Intestinal Worms

In New Zealand there are intestinal worms that may have detrimental health effects on your cat or dog.

Intestinal Worms

Worming is one of the first health care issues pet owners need to address as pups and kittens are the most susceptible. As their name suggests, intestinal worms are parasites that live inside your pet’s intestines. These worms range in size from small to surprisingly large (up to 18cm in length). Regardless of their size however, they all have negative effects on the health of your pet.

Most species of animal, as well as humans, can be infected with intestinal worms including dogs, cats, rabbits, horses, fish, birds and reptiles.  In humans, worms from animals can cause disease therefore it is important that we break the life cycle of these worms and prevent exposure.

Common intestinal worms in New Zealand pets are:

  • Roundworm
  • Tapeworm
  • Whipworm
  • Hookworm

If your pet has a large number of worms it may find it difficult to maintain body condition and it can lose weight. In some cases it can cause vomiting, diarrhoea and even anaemia (a low red blood cell level). Occasionally, heavy intestinal worm burdens can cause death.

Worms sometimes have complex lifecycles which involve a period of existence and development outside your pet. Understanding the life cycle of a specific worm is important so that strategies for treatment and prevention can be designed and implemented.  For instance, some tapeworms need to pass through fleas to complete their lifecycle, so flea prevention is an important method of controlling tapeworms.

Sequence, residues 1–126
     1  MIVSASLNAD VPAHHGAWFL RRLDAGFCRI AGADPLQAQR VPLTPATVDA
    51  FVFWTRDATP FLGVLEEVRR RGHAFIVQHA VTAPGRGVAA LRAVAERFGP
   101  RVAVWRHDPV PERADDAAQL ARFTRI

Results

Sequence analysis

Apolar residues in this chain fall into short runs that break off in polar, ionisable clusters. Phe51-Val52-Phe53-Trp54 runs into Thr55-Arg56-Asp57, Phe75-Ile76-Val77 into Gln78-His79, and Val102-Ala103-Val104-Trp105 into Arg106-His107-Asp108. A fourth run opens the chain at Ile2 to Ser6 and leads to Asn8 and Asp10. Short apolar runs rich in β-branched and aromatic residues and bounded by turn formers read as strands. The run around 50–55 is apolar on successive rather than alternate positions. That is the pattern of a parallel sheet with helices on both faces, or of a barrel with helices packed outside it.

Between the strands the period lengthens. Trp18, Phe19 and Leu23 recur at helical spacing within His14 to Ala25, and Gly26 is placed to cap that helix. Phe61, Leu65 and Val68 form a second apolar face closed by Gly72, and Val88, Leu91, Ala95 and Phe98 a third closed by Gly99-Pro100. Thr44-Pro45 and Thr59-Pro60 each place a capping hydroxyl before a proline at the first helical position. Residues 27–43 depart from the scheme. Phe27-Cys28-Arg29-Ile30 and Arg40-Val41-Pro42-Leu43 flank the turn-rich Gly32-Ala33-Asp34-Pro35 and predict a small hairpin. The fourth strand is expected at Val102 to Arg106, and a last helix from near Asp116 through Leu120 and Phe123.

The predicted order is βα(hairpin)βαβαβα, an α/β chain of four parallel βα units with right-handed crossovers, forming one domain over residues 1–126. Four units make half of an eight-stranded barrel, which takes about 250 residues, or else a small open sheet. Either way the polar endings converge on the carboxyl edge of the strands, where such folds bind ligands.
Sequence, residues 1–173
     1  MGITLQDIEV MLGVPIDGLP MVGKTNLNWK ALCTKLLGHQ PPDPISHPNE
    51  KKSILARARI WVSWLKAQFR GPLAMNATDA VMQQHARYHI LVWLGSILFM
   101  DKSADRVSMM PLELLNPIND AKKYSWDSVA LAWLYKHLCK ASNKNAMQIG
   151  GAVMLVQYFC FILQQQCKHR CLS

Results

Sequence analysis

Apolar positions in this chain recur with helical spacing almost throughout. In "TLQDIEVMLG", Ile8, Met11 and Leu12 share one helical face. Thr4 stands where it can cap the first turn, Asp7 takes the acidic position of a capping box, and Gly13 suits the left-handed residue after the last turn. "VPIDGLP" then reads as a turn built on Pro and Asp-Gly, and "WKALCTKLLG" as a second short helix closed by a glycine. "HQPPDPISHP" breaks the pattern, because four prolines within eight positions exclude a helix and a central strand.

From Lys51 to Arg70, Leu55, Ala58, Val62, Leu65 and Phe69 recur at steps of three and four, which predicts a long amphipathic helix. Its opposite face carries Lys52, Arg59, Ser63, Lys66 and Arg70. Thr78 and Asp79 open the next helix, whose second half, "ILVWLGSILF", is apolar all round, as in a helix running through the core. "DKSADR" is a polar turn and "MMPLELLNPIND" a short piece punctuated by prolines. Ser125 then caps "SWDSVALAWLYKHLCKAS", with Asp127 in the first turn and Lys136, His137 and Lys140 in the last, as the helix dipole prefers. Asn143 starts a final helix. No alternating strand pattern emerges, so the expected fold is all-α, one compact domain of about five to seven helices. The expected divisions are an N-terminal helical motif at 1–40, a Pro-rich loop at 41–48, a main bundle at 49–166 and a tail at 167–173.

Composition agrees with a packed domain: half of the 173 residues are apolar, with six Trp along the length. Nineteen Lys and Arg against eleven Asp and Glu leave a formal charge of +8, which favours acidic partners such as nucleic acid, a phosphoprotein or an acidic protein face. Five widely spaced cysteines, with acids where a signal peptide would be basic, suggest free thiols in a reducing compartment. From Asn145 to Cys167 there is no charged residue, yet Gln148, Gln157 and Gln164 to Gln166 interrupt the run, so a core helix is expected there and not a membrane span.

It is important to maintain a routine worming treatment for your pets, to reduce the incidence of infection and to reduce environmental contamination. There are many worming treatments available for the various worm infections that occur in our pets. These are available as tablets, spot-ons, or pastes. Re-infection is a common problem, particularly in pets that are in contact with a heavily contaminated environment. Another very important reason to worm your pets is to protect your family; as children in particular can become infected with certain dog and cat worms.

Products Available:


Tablets are available with Drontal, Milbemax and Nexguard the most commonly used products. 

Liquid wormers such as Panacur can be used in very young puppies and kittens and Ivomectin oral, injectable or topical is sometimes used in small furries like rats, mice, guinea pigs and rabbits.


There are many topical products that can be placed on the back of neck that will absorb through the skin killing intestinal worms. These include Advocate Spot On, Bravecto Plus, Revolution and Broadline.

All of these products are available over the counter at Central Vets & Pets.


Below are some tips to consider regarding worm prevention:

  • Promptly clean up pet faeces
  • Practice good hygiene, always encourage children to wash their hands regularly (especially after playing in dirt or sandpits, playing with pets or prior to eating)
  • Prevent children from playing where the soil may be contaminated
  • Keep your pet's environment clean
  • When walking dogs, please collect all faeces for disposal.
  • Regularly treat your pet for worms using a broad spectrum product such as Drontal or Milbemax.  This should be given to puppies and kittens every 4 weeks until 6 months old and then every 3-6 months after that. 

Every pet has a different requirement for being wormed.  Please call us to discuss an intestinal worming program for your pet.  06 350 3950 or e mail us on and one of the team will be in touch.